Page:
Take a look at this Javelin video.  I like his emphasis that you have to steer the outside ski under the lifted ski - not turn the lifted ski over the outside ski.

 

 

Yes, but notice that his turns are highly asymmetrical. Here:

 

 

Turning right he steers the outside ski further under his inside ski than turning left. Or is it the other way around, that he points his inside ski further across the outside ski while turning left? Is he pointing the inside ski or steering the outside ski? Asymmetrical in any case.

 

And yes, he also starts out of a wedge. I must try this next time on snow.

post #36 of 36
Quote:
Originally Posted by SkiMangoJazz View Post
 

Yes I notice that with Javelins that many skiers start from a wedge to do them.

 

Take a look at this Javelin video.  I like his emphasis that you have to steer the outside ski under the lifted ski - not turn the lifted ski over the outside ski.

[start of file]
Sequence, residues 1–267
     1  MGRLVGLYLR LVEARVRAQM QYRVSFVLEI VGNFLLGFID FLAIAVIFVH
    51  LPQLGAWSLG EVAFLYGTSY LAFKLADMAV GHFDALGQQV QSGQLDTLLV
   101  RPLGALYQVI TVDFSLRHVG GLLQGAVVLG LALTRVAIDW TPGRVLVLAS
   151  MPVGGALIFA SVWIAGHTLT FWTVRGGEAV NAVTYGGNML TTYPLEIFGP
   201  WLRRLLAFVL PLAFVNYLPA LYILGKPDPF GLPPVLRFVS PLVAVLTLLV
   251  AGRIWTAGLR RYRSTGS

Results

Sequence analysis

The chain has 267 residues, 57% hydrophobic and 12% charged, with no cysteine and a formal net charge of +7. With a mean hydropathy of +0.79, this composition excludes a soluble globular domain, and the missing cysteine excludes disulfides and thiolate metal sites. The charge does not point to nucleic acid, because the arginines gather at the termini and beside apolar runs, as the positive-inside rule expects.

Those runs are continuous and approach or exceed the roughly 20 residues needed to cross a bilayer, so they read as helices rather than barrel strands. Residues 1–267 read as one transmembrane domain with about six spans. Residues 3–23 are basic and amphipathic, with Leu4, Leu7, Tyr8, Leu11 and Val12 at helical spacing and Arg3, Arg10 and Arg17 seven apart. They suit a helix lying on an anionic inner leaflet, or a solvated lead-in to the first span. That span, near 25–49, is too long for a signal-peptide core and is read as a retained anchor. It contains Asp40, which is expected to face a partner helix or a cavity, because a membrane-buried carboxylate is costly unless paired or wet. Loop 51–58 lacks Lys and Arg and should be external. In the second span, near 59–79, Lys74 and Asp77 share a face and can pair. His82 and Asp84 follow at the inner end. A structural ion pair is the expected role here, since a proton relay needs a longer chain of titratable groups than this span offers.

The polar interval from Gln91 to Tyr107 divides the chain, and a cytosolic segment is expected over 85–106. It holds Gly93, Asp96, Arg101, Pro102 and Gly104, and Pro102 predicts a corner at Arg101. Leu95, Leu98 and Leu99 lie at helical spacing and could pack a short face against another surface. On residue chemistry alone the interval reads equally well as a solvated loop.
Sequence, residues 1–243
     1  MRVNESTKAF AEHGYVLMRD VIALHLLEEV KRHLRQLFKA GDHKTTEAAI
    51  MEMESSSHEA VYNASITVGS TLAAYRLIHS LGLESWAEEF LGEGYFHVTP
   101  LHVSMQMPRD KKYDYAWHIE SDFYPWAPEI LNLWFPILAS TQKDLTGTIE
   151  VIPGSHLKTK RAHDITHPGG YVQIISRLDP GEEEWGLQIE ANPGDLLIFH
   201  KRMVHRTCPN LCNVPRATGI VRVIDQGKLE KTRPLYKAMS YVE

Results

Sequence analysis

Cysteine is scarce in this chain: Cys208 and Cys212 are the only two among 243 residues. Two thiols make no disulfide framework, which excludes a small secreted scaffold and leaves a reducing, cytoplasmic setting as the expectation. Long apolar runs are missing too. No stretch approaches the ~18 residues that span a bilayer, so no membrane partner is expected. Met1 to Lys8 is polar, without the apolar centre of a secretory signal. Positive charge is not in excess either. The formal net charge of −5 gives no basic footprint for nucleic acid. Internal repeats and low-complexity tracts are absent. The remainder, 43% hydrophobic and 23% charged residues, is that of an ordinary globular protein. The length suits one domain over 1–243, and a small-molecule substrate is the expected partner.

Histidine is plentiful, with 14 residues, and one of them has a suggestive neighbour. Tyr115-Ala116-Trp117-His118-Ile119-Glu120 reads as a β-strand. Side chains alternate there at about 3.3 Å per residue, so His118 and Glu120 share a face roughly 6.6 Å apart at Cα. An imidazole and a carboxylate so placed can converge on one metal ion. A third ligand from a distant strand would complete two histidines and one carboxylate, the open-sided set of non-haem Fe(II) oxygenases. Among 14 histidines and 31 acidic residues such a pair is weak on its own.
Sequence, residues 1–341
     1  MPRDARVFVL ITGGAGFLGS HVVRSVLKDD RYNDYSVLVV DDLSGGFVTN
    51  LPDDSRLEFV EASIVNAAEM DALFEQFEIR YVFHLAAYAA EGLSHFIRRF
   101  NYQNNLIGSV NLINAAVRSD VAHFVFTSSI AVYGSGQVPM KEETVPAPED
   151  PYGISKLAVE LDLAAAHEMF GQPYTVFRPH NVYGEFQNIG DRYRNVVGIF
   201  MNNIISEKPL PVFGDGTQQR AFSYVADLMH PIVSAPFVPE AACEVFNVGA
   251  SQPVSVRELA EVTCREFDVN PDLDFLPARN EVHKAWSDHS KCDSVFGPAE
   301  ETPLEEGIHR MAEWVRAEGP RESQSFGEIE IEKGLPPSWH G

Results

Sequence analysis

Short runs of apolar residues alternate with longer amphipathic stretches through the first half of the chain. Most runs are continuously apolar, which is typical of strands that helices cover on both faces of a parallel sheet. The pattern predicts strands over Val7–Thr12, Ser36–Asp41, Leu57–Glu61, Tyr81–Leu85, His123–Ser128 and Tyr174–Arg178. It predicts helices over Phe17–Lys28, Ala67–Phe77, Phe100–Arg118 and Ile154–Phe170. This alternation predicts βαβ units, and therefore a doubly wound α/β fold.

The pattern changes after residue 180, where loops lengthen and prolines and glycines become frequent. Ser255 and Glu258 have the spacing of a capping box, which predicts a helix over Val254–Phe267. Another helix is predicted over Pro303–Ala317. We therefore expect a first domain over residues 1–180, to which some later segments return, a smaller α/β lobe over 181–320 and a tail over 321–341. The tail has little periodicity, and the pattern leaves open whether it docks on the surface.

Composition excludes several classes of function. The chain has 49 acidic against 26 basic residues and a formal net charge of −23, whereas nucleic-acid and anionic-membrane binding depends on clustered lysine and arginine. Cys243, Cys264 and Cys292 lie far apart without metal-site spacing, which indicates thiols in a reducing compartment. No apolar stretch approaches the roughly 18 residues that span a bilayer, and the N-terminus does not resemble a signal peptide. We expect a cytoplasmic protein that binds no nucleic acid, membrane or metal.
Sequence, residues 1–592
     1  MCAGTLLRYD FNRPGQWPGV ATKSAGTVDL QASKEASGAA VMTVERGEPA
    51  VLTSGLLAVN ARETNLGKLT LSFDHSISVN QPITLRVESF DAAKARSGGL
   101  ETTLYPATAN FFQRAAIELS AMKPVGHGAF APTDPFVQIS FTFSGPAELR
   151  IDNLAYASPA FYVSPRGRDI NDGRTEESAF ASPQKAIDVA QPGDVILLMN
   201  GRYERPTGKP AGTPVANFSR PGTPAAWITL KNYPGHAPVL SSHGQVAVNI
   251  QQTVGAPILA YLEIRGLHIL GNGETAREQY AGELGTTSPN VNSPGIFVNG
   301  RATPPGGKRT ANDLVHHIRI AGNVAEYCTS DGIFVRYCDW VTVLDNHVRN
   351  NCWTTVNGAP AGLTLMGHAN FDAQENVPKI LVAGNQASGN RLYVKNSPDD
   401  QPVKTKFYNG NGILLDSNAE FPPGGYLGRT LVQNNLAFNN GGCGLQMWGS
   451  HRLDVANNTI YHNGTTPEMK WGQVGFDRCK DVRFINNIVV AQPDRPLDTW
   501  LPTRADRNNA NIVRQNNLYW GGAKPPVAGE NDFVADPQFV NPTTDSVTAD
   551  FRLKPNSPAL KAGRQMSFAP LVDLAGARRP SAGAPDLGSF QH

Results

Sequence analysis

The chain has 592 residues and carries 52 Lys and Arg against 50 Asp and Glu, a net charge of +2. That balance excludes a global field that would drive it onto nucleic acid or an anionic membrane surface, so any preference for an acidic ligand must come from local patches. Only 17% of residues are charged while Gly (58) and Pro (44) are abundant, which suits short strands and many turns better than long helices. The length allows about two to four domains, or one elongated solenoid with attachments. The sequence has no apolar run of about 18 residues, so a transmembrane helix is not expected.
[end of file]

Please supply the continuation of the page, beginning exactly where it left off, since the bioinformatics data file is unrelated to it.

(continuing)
Yes, but. like you, he does not say why to do this which makes this drill presentation incomplete and, therefore, difficult to follow. He also really doesn't offer cues for correct drill form, in particularly, how to detect that you are, in fact, turning under the lifted ski. A possible cue could be to only rotate your outside femur socket while keeping the inside femur socket static. This type of exercise may also need a frame of reference to do it correctly such as whether the skier's FoR is at their feet for lifting the ski over or at their hips for turning the ski under.  Either way, the outside ski is still steering and the inside ski is still crossing over and will probably cover 90%+ of the exercises benefits. I agree with TDK that he is probably doing a little of both as separation of these two movements could be likely very difficult and more so without a designated frame of reference and correct form cue.